English Language & Usage Stack Exchange is a question and answer site for linguists, etymologists, and serious English language enthusiasts. It's 100% free, no registration required.

Sign up
Here's how it works:
  1. Anybody can ask a question
  2. Anybody can answer
  3. The best answers are voted up and rise to the top

Imagine a form like this one:

  • year of birth:
  • place of birth:
  • year of death:
  • place of death:

How would you name that form?

share|improve this question
I don't think there is a single word that encompasses this concept. If form design is your object, you might try looking at historical examples of birth and death records to find out what information is recorded. For example, the death certificate for well-known writer Laura Ingalls Wilder uses the same words you've given, with the exception of birthplace instead of place of birth. – aedia λ Sep 15 '11 at 3:51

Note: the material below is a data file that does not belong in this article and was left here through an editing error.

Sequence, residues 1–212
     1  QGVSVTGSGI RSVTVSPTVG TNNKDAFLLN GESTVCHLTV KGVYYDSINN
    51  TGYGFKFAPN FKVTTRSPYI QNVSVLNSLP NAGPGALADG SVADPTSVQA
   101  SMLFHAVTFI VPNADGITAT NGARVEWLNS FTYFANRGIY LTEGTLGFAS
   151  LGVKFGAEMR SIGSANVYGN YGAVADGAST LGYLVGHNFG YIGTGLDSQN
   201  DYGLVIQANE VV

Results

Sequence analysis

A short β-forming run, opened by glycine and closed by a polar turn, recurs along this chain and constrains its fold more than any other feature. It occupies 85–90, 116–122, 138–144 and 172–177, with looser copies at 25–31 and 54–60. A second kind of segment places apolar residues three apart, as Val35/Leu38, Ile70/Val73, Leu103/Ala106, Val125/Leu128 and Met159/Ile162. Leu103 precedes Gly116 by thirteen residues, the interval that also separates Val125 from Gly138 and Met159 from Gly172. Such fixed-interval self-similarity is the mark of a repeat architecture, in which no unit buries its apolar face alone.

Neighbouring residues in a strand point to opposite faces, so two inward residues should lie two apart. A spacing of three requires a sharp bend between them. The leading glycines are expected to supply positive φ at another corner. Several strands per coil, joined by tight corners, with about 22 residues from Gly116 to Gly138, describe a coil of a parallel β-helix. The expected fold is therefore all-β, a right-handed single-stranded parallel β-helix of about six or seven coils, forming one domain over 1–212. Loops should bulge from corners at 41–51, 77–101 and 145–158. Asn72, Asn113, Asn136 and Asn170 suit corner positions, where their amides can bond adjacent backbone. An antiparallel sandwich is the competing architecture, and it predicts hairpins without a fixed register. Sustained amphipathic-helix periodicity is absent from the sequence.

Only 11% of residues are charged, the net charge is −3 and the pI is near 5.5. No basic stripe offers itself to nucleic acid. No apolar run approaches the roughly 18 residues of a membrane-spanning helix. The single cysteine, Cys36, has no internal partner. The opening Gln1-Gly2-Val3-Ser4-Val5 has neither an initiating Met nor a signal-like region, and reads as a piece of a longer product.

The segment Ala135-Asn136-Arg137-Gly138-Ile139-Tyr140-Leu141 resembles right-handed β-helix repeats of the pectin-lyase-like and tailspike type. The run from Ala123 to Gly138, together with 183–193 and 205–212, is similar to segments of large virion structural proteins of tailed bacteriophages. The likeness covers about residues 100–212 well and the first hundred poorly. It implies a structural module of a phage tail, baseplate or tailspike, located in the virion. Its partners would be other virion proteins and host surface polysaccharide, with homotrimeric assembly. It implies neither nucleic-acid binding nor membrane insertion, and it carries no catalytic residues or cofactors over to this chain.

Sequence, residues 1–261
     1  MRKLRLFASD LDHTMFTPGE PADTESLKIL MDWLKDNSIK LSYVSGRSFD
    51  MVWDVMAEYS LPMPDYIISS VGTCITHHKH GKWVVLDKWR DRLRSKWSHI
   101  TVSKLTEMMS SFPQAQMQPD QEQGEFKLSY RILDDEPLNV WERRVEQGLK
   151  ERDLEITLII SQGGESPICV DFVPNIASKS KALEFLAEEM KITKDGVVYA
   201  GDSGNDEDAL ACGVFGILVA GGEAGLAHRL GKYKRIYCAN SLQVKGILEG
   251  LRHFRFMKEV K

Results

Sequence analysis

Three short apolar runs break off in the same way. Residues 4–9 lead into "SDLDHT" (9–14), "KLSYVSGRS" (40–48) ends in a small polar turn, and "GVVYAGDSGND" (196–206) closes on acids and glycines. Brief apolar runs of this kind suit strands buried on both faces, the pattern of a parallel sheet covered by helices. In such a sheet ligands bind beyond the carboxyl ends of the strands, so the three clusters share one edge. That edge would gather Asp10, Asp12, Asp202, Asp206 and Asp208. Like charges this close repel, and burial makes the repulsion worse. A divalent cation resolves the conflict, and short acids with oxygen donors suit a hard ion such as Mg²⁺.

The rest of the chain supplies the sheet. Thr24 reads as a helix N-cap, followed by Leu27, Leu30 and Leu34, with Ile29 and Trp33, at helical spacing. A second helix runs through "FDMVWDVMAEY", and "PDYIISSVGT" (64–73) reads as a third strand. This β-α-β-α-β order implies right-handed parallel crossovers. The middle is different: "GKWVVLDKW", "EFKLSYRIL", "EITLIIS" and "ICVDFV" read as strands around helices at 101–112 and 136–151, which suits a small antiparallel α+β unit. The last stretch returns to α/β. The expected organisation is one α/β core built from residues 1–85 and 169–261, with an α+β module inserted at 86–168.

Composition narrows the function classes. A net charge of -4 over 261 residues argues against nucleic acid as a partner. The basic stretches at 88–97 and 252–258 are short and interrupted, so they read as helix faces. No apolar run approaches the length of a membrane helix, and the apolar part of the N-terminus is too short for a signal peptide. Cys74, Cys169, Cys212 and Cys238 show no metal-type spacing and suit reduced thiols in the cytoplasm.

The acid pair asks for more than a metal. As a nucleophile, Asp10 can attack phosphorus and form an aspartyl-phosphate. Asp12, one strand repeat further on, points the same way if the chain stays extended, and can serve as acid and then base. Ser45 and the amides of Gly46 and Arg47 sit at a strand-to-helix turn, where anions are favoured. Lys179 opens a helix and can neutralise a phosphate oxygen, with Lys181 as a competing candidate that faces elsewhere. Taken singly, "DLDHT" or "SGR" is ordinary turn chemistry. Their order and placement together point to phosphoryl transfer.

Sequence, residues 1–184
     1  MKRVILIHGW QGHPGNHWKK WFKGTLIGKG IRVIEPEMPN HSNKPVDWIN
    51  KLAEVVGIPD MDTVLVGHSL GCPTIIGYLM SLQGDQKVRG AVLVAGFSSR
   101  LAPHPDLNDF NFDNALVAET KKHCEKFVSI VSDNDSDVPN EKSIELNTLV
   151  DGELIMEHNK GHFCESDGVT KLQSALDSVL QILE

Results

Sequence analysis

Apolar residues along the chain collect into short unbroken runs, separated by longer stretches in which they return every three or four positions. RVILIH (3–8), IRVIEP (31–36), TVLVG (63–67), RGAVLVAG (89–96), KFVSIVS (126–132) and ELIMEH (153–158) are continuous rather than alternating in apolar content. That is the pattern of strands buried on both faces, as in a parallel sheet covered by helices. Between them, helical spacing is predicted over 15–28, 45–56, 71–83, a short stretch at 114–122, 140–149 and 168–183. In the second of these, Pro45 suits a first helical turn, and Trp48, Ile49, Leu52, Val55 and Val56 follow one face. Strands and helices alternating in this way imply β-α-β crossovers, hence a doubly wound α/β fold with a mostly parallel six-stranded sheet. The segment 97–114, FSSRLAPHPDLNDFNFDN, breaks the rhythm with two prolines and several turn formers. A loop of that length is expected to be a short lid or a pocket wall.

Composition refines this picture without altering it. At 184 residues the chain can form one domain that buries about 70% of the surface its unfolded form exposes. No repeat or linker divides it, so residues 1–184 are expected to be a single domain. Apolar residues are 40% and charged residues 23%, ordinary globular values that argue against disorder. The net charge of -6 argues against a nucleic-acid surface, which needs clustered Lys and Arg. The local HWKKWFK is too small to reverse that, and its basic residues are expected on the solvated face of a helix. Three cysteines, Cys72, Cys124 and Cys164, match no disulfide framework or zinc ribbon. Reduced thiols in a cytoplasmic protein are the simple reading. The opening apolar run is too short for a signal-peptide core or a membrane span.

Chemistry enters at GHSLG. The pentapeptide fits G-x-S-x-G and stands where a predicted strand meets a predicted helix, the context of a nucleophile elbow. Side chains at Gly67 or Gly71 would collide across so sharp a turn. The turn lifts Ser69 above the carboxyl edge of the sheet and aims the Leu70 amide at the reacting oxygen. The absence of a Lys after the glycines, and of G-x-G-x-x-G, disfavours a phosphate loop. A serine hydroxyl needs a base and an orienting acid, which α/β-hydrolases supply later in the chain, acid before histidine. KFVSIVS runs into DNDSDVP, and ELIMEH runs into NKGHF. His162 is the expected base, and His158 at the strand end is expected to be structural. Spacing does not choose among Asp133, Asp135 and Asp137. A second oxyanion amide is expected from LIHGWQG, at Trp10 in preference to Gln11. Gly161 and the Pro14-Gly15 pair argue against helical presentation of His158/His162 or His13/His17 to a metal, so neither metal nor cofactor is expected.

Maybe a tombstone? – Peter Shor Sep 15 '11 at 4:27
up vote 4 down vote accepted

I'd label the form "Vital Statistics" or "Birth and Death Data" or possibly "Personal Data", depending on the purpose of the form. If you insist on using a single word for the form title, and don't like the aforementioned "Tombstone", you could miscall it a "Scorecard", "Annals", "Register", "Lifespan", "Vitals", etc.

share|improve this answer
+1 for "Vital Statistics". – Peter Shor Sep 15 '11 at 12:21

I believe it is an epitaph, the words that are written on a tombstone.

share|improve this answer
The definition of Epitaph is "An inscription on a gravestone in memory of the deceased." This answer is just wrong. – American Luke Mar 24 '13 at 1:44

Your Answer


By posting your answer, you agree to the privacy policy and terms of service.

Not the answer you're looking for? Browse other questions tagged or ask your own question.